While agreeing with the contention of the RBI, one would like to mention that currently, the regulatory definition of CICs is so stringent that many of the group holding companies qualify as “investment companies” (now, credit and investment companies) and not CICs. There is a need to reduce the qualifying criteria for definition of CICs to 50% of investments in equities of group companies. This would ensure that a large number of “investment companies” will qualify as CICs, based on predominance of their investments, and would be viewed and regulated as such.

Prominent among the registered CICs are entities like Tata Sons, L&T Finance Holdings, JSW Investments, etc. The extension of corporate governance norms to CICs is unlikely to benefit any, but impact all.

The Reserve Bank has accordingly constituted the Working Group to Review Regulatory and Supervisory Framework for Core Investment Companies on 3rd July, 2019 [https://rbidocs.rbi.org.in/rdocs/PressRelease/PDFs/PR43DDEE37027375423E989F2C08B3491F4F.PDF]. The Terms of Reference (ToR) of the Working Group are given below:

  • To examine the current regulatory framework for CICs in terms of adequacy, efficacy and effectiveness of every component thereof and suggest changes therein.
  • To assess the appropriateness of and suggest changes to the current approach of the Reserve Bank of India towards registration of CICs including the practice of multiple CICs being allowed within a group.
  • To suggest measures to strengthen corporate governance and disclosure requirements for CICs
  • To assess the adequacy of supervisory returns submitted by CICs and suggest changes therein
  • To suggest appropriate measures to enhance RBI’s off-sight surveillance and on-site supervision over CICs.
  • Any other matter incidental to the above.

As per the press release, the Working Group shall submit its report by October 31, 2019.

ICSI Auditing standards -A guidance to the Members in Practice

By Kanakprabha Jethani | Executive

Kanak@vinodkothari.com

Background

ICSI has recently issued four Auditing Standards[1] (‘Standards’) for the members in practice namely:

  • CSAS-1 – Auditing Standard on Audit Engagement
  • CSAS-2 – Auditing Standard on Audit Process and Documentation
  • CSAS-3 – Auditing Standard on Forming of Opinion
  • CSAS-4 – Auditing Standard on Secretarial Audit

in order to enable them to carry out the audit engagements more effectively. The first three Standards will be applicable to all kind of audit engagements and the fourth one will specifically be applicable for the Secretarial Audit under Section 204 of the Companies Act, 2013. In terms of ICSI’s own language, the Standards shall be mandatorily effective from the audit engagements accepted on or after 1st April, 2020.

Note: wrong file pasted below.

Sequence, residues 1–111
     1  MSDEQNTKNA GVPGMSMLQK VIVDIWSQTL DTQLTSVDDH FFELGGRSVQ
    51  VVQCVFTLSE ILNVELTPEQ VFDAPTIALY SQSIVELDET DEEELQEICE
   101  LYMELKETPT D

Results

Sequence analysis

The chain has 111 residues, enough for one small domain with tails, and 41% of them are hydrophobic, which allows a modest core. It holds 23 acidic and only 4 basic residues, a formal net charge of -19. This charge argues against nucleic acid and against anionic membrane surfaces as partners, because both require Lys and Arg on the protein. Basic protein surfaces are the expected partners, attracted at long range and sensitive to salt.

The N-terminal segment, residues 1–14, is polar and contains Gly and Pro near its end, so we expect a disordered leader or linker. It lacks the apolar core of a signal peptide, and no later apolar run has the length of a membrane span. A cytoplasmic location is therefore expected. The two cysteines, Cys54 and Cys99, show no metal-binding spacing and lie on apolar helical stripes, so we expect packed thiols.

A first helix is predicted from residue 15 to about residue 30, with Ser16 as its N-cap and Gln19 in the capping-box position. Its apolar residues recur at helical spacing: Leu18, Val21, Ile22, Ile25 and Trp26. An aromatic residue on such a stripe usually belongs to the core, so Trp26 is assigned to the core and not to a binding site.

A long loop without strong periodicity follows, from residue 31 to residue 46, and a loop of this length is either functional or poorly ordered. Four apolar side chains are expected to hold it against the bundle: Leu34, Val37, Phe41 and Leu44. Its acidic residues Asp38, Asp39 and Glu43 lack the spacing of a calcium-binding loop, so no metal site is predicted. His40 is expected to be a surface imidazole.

Objective of the Standards

Seemingly, ICSI is seeking to promote best auditing practices, uniformity and consistency in conduct of the audits by the members in practice. These are expected to strengthen the audit process and corporate governance practices. Since, varied audit practices are being carried over by different auditors, monitoring of audit process becomes cumbersome and troublesome at the same time. These Standards are expected to harmonise the audit practices among the auditors all over the country. The objective is to streamline and enable members to effectively undertake secretarial audit and ensure compliance. It is also expected that these Standards will enhance the quality of compliance.

Applicability of Standards

These Standards shall be effective and recommendatory to be accepted by the auditors on or after 1st July 2019. However, the same shall be mandatorily applicable to the audit assignments obtained on or after 1st April 2020.

Whether these Standards are statutorily required?

In order to be statutorily applicable and binding, legal backing to the provision is required. For example, for the Secretarial Standard-1 and secretarial Standard-2 have a backing of legal provision i.e. Section 118 of the Companies Act 2013. Section 118(10) provides that every company shall observe secretarial standards with respect to general and Board meetings specified by the Institute of Company Secretaries of India. In compliance of aforesaid section, companies follow these two secretarial standards. The same is not the case for other secretarial standards issued by ICSI such as, Secretarial Standard -3 relating to Dividend or Secretarial Standard-4 relating to maintenance of registers and records and hence purely voluntary.